Eventide CrushStation Plugin

Published 4 years ago on September 14, 2020

By Guitar Interactive Magazine

Eventide CrushStation

MSRP (VST/AU/AAX) $99 (IOS) $14.99


CrushStation from Eventide is a versatile, best-in-class, stereo distortion platform for your Mac, PC or iPad/iPhone. Its controls can drive your tone from creamy saturation to a brutal sonic assault, but distortion is just the starting point. Nick Jennison tells us more.


When it comes to cutting edge guitar tones, Eventide’s legendary H9 is still the best in the game. Offering a dizzying array of algorithms that cover everything from beyond-studio-grade reverbs and delays to wild combinations of filters, oscillators and saturation that stretch the creative limits of even the most imaginative guitarists.

Under Eventide’s watch, even traditionally simple effects like tremolo bristling with clever options for tonal tweakery (see our review of the Harmadillo algorithm for evidence of this). Crushstation is no exception. In the H9, it’s a rainbow of destructive distorted goodness capable of every colour of sonic mayhem imaginable: and now, it’s available as a plugin.


The highly interactive controls are key to getting the best out of Crushstation. Cranking up the drive control produces positively criminal levels of distortion, but the character of the dirt is dependent on where you set the “Sag” and “Grit” dials. “Sag” simulates the effect of lowering the voltage supply to the virtual gain stage: at lower settings, it introduces subtle intermodulations that add vibe and texture to the distortion, but as you crank it up it starts to collapse in on itself, becoming a beautiful sputtering mess at the upper reaches of the knob’s travel. “Grit” drives more low end into the input of the distortion, taking the sound from articulate and aggressive to thick and blown-out. Both controls are highly interactive with both the drive control and with each other, offering a near limitless number of textures.


The “Sustain” control is a grabby, chewy compressor that can act pre or post distortion, and the “Octaves” control dials in upper and/or lower octaves before the distortion - interestingly, the high octaves also have a degree of stereo spread that provides subtle widening to any source. Tone sculpting comes from a simple but powerful three-band EQ with low and high shelves and a fixed Q parametric mid-band, and there’s a simple but highly effective gate too.


Slotted into the signal path of a guitar track ahead of a software amp, Crushstation becomes basically a massively tweakable fuzz pedal - a corner of the guitar’s tonal palette that’s often neglected by plugin manufacturers. If for example, you want to beef up a high gain sound, try recording a clean DI alongside your core tone and processing it with Crushstation, then. Lend the two for some eye-popping results.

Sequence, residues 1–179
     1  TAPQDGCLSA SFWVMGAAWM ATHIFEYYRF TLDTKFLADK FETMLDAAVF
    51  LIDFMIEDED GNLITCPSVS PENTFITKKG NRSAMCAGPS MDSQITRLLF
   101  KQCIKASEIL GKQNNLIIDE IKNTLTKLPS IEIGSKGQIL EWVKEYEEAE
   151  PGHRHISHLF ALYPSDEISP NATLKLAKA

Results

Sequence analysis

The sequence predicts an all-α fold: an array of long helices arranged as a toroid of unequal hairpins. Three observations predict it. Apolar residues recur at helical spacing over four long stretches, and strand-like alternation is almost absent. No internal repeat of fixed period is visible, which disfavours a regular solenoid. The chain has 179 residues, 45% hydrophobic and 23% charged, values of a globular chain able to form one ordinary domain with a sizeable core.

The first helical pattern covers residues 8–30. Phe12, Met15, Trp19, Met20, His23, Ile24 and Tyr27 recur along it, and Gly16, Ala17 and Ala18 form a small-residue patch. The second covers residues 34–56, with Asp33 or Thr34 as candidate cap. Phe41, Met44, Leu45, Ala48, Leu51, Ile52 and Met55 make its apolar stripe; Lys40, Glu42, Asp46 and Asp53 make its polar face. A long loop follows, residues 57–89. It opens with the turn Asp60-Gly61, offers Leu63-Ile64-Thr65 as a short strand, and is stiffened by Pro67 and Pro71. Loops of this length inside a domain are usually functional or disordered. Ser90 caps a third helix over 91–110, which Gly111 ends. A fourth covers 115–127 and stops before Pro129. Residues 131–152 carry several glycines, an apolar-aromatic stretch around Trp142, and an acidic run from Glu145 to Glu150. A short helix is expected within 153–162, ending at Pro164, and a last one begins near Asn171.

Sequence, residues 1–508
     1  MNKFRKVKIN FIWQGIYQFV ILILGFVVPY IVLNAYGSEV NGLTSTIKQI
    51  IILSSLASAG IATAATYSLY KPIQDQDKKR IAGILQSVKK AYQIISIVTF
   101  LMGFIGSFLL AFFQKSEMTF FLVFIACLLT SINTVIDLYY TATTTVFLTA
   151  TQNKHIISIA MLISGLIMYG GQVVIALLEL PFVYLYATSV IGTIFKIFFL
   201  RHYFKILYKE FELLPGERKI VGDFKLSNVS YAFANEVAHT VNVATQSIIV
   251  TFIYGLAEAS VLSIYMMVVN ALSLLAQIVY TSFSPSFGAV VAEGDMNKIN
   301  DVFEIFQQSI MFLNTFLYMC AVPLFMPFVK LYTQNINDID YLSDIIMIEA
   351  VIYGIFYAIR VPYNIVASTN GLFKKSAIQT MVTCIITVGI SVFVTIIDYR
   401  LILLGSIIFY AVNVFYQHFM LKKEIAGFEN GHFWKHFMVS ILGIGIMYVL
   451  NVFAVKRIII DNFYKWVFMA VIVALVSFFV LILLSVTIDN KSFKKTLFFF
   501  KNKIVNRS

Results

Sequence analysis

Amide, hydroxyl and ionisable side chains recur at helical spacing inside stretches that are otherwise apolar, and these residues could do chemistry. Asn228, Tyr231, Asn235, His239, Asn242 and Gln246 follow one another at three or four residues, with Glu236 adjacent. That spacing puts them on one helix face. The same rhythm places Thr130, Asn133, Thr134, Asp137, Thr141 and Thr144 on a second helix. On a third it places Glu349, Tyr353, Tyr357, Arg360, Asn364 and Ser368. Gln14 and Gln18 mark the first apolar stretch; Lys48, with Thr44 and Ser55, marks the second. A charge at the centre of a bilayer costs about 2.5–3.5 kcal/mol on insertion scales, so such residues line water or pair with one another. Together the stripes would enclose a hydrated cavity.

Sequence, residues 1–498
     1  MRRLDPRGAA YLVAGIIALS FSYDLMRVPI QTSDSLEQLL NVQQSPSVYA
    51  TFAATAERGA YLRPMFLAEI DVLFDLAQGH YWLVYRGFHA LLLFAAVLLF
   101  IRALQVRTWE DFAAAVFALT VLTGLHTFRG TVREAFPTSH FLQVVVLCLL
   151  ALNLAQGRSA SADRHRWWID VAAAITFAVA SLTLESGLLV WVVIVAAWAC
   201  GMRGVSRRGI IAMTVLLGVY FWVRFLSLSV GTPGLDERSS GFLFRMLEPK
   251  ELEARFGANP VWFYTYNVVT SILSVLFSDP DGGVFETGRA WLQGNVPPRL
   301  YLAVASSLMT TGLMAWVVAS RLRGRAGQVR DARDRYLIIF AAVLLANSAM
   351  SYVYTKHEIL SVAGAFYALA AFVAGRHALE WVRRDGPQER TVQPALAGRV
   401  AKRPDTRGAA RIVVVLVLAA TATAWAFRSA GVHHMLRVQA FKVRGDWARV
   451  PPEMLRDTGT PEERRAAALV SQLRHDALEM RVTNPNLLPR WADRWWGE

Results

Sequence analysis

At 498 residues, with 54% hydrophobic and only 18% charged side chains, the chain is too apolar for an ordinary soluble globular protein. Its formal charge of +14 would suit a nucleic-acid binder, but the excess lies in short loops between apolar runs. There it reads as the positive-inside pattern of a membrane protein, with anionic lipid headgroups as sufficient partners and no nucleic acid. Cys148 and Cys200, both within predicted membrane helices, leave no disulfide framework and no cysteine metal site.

For processing other sources, Crushstation is every bit as powerful, thanks to the mix control. This allows you to blend in everything from warm saturation to sheets of devastating distortion while leaving your source completely untouched. For helping a bass guitar punch through a mix, blend in some aggressive drive with a little upper octave for width. For a lacklustre snare, the grit control will add weight while the dry signal will retain the transient snap, and a little lower octave can make for a truly larger than life thump. It’s not just single sources that benefit from this kind of treatment either: with the right balance of drive, mix and sustain, room mics and drum busses take on an explosive character, and it can even be used (with caution!) to add a lo-fi glue to your mixbus!


Crushstation is a hugely versatile distortion plugin that can add warmth, grit and weight to any source - or completely annihilate it in the most glorious fashion. Considering how inexpensive it is, you’d be crazy not to add this to your arsenal. Now go forth and cause mayhem!


For more information, please visit:




21 Bands Not to Miss at This Year's Download Festival | Feature

Nothing More's Mark Vollelunga on Embracing the "Raw" and "Real" with 'Carnal' | Interview

Boss Katana-Air EX Wireless Guitar Amp | Review

Mooer Tender Octave X2 | Review

Gibson Falcon 20 1x12 Combo | Review

Godin Session T-Pro | Review

Sterling by Music Man St. Vincent Goldie | Review

Cort Abstract Delta Masterpiece Series | Review

JET Guitars JT600 | Review

Third Man Hardware x Donner Triple Threat Pedal | Review

PRS 2024 SE CE 24 Satin | Review

Eddie 9V Delivers an Electrifying and Soulful Performance at The Grace, London — May 13th 2024 | Live Review

Black Stone Cherry’s Chris Robertson and Ben Wells talk new album and more | Interview

Music Man 2024 Axis Super Sport | Review

Aria Pro II 714-GTR Fullerton | Review

Taylor Guitars 50th Anniversary GS mini Rosewood SB | Review

Danelectro Fifty Niner Guitar - Gold Top | Review

Music Man 2024 Axis | Review

Jackson Soloist SLA 3 | Review

Gibson Theodore Standard | Review


Kenny Wayne Shepherd on "Finding His Voice" on the Guitar, Musical Legacy, & 'Dirt on My Diamonds' | Interview

Steve Rosen on Eddie Van Halen, The Stories Behind 'Tonechaser' & The Lost EVH Interview | Feature


DOD Boneshaker | Review

Top magnifiercross linkedin facebook pinterest youtube rss twitter instagram facebook-blank rss-blank linkedin-blank pinterest youtube twitter instagram